An isotope represents the different version of atoms contained in a single element found in the periodic table. It comes from the Greek word â€œsame place.â€ Each element can have identical number of protons but different number of neutrons. Hence, the isotopes contained in the same element can bear the same atomic number but vary in their mass number.
For example, the most common hydrogen isotope normally does not have neutrons. However, another hydrogen isotope called deuterium has one neutron. Tritium, a third kind of hydrogen isotope, has two neutrons. The variation in the element depends on the number of neutrons each isotope has. The more neutrons it has, the heavier it becomes. Heavy isotopes move slowly during a chemical reaction compared to their lighter counterpart, which can react faster to different stimuli.
A single element can have as many isotopes as it can hold. However, only an element with a perfect combination of neutrons and protons has stable nuclei. Isotopes with very few neutrons have shorter lifespan compared to isotopes with the preferred number of neutrons and protons.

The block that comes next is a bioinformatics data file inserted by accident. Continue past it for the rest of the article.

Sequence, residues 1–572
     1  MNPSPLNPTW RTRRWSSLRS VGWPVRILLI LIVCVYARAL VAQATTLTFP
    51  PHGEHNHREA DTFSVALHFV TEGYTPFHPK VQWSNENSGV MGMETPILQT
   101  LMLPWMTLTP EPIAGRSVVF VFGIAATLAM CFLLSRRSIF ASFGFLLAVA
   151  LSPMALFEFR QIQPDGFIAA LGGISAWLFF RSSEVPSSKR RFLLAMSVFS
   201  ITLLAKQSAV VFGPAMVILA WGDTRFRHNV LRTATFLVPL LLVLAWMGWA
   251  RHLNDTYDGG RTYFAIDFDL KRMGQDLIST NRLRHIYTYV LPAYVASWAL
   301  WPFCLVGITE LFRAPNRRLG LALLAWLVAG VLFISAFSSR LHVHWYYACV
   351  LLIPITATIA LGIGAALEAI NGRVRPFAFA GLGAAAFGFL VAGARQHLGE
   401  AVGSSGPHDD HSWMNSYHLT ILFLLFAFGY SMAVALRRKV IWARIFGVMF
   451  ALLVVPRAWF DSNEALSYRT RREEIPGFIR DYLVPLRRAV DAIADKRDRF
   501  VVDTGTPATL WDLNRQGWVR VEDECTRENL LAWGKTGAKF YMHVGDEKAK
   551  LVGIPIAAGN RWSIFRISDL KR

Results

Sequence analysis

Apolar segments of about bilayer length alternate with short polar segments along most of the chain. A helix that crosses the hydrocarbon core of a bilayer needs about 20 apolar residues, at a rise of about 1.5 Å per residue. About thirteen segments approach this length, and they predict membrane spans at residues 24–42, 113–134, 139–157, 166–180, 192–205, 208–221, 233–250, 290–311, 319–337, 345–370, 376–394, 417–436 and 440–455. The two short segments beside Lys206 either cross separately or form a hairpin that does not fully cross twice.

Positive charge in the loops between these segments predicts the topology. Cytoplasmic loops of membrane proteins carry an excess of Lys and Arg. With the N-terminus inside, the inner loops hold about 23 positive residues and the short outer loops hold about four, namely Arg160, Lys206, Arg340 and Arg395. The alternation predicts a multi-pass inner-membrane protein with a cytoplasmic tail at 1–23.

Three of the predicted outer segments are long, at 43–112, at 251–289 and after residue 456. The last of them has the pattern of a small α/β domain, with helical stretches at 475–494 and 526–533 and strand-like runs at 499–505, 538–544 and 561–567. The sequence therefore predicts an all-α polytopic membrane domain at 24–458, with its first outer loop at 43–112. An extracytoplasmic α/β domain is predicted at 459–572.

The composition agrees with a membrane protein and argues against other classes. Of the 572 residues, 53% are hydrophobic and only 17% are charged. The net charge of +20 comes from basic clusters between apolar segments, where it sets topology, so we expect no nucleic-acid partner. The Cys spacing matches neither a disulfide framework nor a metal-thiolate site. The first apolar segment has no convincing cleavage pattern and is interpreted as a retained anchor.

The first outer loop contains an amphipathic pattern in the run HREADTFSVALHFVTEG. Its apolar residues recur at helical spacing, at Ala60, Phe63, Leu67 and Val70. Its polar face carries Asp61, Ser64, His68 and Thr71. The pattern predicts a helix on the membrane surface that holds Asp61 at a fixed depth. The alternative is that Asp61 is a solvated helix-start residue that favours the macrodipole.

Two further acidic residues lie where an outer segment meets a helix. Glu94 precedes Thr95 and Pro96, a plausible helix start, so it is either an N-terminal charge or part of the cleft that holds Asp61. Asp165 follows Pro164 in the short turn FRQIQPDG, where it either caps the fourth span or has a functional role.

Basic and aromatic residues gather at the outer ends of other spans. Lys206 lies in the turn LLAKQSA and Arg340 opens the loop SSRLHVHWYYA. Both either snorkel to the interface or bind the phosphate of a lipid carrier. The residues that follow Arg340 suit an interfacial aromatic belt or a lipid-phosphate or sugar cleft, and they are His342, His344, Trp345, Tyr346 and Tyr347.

There are two types of isotopes: radioactive isotopes and stable isotopes. Radioactive isotopes are identical isotopes of the same elements. They can be used to trace different radioactive processes such as finding the age of the earth, understanding the biological process of living organisms, and determining how recently storms and volcanic eruptions have occurred. Radioactive isotopes do not last long as their nuclei change from time to time. When radioactive isotopes decay, they produce radiation through electromagnetic waves.
Stable isotopes are found in non-radioactive elements such as Carbon, Nitrogen, Oxygen, and Hydrogen. They are commonly used in geochemistry research as well as ecological and biological studies. Stable isotopes are also used to trace the history of atmospheric temperatures, determine climate changes, and predict weather conditions.